A guide to Pintxos
We were determined to eat as much pintxos as we could in our 4 days in San Sebastian and to do that we needed a little guidance to navigate the hundreds of bars that line not only the cobbled streets of the old town, but the surrounding areas too.
We booked ourselves on to a tour with San Sebastian Pintxos Tours who regularly go in search of the best pintxos on offer from season to season. Their private tours are very reasonably priced and give you a real insight into the city and its culinary habits. Best of all it can be entirely tailored to your interests.
- Don’t over do it in the first bar you visit! Difficult as it is to restrain yourself from pulling up a pew and stuffing your face with all of the tempting dishes in front of you, each bar has its own specialities so try to only eat one or two at each location.
- Only tourists take a big platter to be filled with lots of pintxos from the bar. For an authentic experience order your pintxos one by one.
- Much of the best pintxos are not to be found on the bar. Order hot pintxos. Many bars will offer an English menu or if in doubt, point.
- A little Spanish goes a long way, a little Basque even further. Thank you in Basque is Eskerrik asko.
Top pintxos bars
Atari Gastroteka (Calle Mayor)
Stylish, contemporary and a place to watch and be seen, it offers one of the best visual presentations of pintxos on the bar. The hot pintxos come recommended but I developed an addiction to one of their cold offerings: morcilla and melted Idiazábal on bread.
Bar Txepetxa (Calle Pescadería 5)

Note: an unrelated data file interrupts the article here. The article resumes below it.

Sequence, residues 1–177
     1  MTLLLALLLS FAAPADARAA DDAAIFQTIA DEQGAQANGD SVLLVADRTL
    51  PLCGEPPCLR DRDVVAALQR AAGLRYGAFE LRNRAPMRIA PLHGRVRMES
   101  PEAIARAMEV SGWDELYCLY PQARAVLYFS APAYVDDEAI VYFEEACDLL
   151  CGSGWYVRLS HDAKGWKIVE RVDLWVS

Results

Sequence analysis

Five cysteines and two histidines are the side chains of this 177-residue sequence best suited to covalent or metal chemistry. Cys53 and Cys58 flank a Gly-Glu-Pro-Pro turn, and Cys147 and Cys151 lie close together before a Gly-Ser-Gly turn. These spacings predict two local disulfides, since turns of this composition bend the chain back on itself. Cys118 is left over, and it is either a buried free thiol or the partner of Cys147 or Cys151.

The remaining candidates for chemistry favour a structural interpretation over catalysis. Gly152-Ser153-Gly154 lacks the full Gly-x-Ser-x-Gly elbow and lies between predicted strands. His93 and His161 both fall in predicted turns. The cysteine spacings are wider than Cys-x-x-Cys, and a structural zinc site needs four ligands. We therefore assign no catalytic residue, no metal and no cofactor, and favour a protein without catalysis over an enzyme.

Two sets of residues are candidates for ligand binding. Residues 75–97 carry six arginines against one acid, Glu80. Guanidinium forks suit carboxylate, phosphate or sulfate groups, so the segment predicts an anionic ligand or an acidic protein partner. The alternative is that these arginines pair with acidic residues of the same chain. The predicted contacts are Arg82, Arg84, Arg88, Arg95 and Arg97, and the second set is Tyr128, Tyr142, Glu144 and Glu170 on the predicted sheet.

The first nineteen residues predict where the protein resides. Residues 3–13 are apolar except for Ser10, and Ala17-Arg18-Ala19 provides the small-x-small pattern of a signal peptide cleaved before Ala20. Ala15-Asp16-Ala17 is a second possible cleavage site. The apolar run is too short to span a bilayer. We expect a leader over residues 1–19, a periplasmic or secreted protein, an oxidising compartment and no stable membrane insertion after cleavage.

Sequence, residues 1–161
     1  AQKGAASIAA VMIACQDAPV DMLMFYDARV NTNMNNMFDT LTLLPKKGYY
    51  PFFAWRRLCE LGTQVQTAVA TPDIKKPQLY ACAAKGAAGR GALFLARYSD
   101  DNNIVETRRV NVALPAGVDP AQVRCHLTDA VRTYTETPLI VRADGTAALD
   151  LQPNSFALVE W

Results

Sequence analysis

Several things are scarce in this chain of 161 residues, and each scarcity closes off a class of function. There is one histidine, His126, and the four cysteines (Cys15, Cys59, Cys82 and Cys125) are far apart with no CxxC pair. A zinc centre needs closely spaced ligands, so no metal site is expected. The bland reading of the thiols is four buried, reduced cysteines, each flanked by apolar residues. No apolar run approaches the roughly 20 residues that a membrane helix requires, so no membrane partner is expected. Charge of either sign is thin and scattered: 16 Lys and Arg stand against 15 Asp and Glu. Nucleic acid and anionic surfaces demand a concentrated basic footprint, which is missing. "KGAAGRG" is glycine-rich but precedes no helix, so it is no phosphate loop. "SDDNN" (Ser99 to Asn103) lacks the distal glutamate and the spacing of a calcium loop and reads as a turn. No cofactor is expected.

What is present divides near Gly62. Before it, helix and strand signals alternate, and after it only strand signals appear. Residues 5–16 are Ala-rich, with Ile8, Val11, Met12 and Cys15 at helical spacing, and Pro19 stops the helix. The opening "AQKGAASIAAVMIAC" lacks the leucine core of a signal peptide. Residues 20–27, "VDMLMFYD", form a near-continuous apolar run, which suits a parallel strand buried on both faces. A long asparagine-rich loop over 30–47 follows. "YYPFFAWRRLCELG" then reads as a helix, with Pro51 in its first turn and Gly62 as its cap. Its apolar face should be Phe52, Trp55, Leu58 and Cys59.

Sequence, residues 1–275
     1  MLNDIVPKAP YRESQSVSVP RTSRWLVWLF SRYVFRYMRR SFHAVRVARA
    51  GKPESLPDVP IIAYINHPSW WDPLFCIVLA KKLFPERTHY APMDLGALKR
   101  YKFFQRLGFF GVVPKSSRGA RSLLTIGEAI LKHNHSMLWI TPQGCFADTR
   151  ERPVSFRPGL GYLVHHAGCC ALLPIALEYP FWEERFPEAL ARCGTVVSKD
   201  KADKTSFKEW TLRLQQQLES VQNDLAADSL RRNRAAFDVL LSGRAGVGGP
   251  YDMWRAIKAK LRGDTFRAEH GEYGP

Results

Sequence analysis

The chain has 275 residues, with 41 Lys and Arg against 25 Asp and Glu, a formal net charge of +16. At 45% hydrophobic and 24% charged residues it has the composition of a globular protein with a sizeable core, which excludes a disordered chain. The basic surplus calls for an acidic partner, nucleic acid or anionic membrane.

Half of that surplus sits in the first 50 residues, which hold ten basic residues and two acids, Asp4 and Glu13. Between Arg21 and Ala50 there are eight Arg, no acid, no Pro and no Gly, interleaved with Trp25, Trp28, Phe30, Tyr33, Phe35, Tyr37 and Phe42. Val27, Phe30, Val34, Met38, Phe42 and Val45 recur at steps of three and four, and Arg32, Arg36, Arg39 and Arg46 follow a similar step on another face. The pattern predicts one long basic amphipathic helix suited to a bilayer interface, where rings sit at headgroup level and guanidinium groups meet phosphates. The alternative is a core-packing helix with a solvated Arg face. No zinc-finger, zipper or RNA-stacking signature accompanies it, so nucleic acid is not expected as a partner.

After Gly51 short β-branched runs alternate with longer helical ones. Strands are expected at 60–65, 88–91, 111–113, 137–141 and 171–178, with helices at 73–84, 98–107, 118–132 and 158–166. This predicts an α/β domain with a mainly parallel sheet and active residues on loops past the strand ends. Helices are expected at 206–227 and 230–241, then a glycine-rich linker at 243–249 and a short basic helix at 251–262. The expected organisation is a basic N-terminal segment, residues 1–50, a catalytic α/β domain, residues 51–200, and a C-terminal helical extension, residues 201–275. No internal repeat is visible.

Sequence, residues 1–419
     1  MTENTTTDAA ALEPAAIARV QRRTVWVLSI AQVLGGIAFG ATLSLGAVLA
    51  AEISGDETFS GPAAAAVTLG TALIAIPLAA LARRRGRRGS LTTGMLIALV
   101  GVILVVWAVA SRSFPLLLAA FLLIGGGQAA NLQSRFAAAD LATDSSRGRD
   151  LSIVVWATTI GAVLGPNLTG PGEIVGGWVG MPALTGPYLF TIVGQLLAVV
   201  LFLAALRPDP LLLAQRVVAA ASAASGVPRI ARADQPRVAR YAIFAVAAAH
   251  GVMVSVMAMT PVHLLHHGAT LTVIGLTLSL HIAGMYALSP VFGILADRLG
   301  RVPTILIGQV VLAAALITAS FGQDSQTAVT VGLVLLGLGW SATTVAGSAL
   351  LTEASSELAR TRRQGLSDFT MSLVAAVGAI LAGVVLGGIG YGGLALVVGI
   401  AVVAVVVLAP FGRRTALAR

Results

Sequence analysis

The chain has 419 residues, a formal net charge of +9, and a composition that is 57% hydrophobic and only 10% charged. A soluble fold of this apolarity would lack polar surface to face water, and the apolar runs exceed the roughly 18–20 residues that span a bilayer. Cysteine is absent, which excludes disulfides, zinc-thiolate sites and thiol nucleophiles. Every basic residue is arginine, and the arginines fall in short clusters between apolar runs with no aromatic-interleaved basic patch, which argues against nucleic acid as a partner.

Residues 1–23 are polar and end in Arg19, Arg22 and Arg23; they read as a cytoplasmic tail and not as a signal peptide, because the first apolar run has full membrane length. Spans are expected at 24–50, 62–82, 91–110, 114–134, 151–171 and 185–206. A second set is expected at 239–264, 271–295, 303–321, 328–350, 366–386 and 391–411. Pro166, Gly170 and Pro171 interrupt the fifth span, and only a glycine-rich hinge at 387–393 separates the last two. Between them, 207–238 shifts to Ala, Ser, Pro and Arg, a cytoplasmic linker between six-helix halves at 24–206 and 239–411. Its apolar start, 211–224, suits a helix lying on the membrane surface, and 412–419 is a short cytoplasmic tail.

Specialises in anchovies – freshly prepared silvery fillets marinated in a secret family recipe, arranged on a slice of olive oil-drenched crisp baguette and topped with a variety of ingredients. We tried Crema de centolla – spider crab cream – which was a beautiful contrast against the anchovies; Black olive pate and Piquillo pepper and pickled shallot which was a probably my favourite.
Bar Zeruko (Calle Pescadería 10)
Inventive, ‘hip’ and very crowded (though not so with locals), Zeruko goes down a molecular route specialising in showy creative pintxos. It’s best known for ‘La Hoguera’ (‘the bonfire’), bacalao smoked over charcoal on an ingenious mini-grill. We weren’t sure but if you’re looking for the latest modern take, it’s the place to go to.
Borda Berri (Fermín Calbetón 12)
Incredibly popular and justifiably so this was our second favourite bar specialising in a melt-in-mouth stewed veal cheek in red wine and a oozingly unctuous Risotto de Idiazábal, orzo rice with a regional pressed cheese made from unpasteurised sheep milk.
Ganbara (Calle San Jerónimo, 21)
We were there to sample the seasonal speciality white asparagus in batter, but it wasn’t this that impressed us so much but the Txangurro (spider crab) tartlet. We discovered afterward that they are famed for their Revuelto hongos (grilled mushrooms with a fried egg) so we have to return!
La Cuchara de San Telmo (Calle 31 de Agosto 28)
Very local, our favourite pintxos bar was one of the smallest and busiest in town. Hidden away on the corner of the plaza Valle Lersundi, off Calle 31 de Agosto 28, there is no pintxos on display as everything is cooked to order. Our rule went out the window as we enjoyed 4 divine dishes each as good as the next.
La Cepa (Calle 31 de Agosto)
Living up to its name, their meaty slow-braised mushrooms skewered on to a piece of bread that soaked up the meaty goodness really wowed us. Washed down with a glass of txakoli, we were in heaven.
Recommended (but untried) bars to try:
For their fresh tomato salad which is raved about
Bar Goiz Argi (Calle Fermin Calbetón 4)
For their specialty Brocheta de gambas a la plancha (grilled prawn skewers)
While our experiences focused on the old town a particular recommendation that came up time and again was Hidalgo 56 in Gros. We ran out of time to visit but if you are in the area, give it a try.